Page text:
- American Society of Mechanical Engineers
- Prospects.ac.uk- see in particular the Options with Mechanical Engineering, Options with Chemical Engineering, and Options with Electrical and Electronic Engineering leaflets.
- The occupational research section of the Careers Service website has further links and resources relating to engineering and other fields of work
- Institution of Mechanical Engineers - website includes advice on learning and development. They also have a volunteering scheme with opportunities in industry liaison and public engagement.
- American Society of Mechanical Engineers.
- Institution of Chemical Engineers - has a useful careers section with lists of employers in various sectors.
- Institution of Electrical and Electronic Engineering.
- Association for Consultancy and Engineering.
- Institute of Scientific and Technical Communicators - provides vacancy site for members, and produces a careers guide on getting into the industry.
- Institution of Engineering and Technology - a leading professional society for the engineering and technology community. - Some useful parts of the large careers section can only be accessed by members.
- Royal Academy of Engineering - Britain's national academy for engineering. This learned body awards fellowships and aims to promote excellence in engineering.
- Management Consultancies Association - organisation representing consultancy industry. Includes careers resources and vacancy listings.
Where to find jobs in your field
The engineering sector is huge and we can't provide an exhaustive list of vacancy sources; below are some of the more popular places to look:
- See the vacancies page for academic, research and research-related jobs.
- Careers Service MyFuture database. Look at the vacancies relevant to your subject area and also in the sections 'For PhD students' and 'For Postdocs'. Use 'organisations' function to identify potential employers that you may want to work for or could approach speculatively.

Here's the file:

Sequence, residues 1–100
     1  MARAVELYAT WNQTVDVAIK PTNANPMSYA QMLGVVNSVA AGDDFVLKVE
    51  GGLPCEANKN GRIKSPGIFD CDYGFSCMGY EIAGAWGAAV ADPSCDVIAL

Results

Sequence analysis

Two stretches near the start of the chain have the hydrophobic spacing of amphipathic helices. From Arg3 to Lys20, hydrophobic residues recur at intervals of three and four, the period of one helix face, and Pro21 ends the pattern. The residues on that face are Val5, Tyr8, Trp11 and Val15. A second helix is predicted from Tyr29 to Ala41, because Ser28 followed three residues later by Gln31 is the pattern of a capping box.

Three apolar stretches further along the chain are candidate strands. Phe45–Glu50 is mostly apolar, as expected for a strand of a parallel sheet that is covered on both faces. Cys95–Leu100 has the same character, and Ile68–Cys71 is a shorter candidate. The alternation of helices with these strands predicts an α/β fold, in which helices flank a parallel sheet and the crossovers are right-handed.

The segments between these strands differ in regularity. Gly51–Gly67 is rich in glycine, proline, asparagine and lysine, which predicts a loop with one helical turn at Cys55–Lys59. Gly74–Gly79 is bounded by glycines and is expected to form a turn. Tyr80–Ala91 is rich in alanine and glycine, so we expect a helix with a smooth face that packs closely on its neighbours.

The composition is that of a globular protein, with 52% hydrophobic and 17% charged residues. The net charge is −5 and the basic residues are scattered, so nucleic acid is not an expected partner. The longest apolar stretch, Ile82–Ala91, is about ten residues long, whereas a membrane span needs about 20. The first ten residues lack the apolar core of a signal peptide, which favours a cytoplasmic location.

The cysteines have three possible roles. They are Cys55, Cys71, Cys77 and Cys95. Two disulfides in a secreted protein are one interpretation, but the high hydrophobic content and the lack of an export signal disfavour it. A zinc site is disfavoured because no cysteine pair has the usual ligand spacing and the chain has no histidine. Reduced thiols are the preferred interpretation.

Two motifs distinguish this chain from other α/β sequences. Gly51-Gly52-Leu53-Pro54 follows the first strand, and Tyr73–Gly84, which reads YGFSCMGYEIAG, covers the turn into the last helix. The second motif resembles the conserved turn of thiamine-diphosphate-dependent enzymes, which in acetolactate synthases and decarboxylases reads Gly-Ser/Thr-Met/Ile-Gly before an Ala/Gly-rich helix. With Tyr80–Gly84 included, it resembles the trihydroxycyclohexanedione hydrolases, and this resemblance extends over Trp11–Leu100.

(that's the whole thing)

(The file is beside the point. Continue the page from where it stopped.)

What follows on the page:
- Energy conservation jobs tend to appear in NewScientist or ENDS Environmental Job Search.
- Health & Safety jobs will appear in Safety and Health Practitioner as well as company websites.
- Individual company websites (use our Find out about employers page to identify them).
- Institution of Engineering and Technology has a good job search facility within its career development pages.
- Production/Operation Management vacancies can be found in the local and national press.
- Quality assurance jobs can be found in the jobs section of the Chartered Quality Institute.
- Specific recruitment agencies (for a complete list visit agencycentral.co.uk).
- Chemistry World carries adverts for jobs in the product development and industrial research fields.
- Opportunities in the oil, gas and petroleum sectors can be found at rigzone.
- Broadcast engineering opportunities are hard to find for trainees; the BBC offers structured training programmes.
- MyElectricalJobs contains a wide variety of jobs in the power, automation and building sectors.
- For opportunities in the electronics industry, try Electronics Weekly.
- The Engineer online has a large range of vacancies.
- Civil Service Jobs advertise public sector engineering vacancies. You may also be interested in the Science and Engineering Stream of the Civil Service Fast Stream.
- Recruitment Agencies - the University of Kent Careers Service has a list of recruitment agencies specialising in the engineering industry. You should also check out AgencyCentral.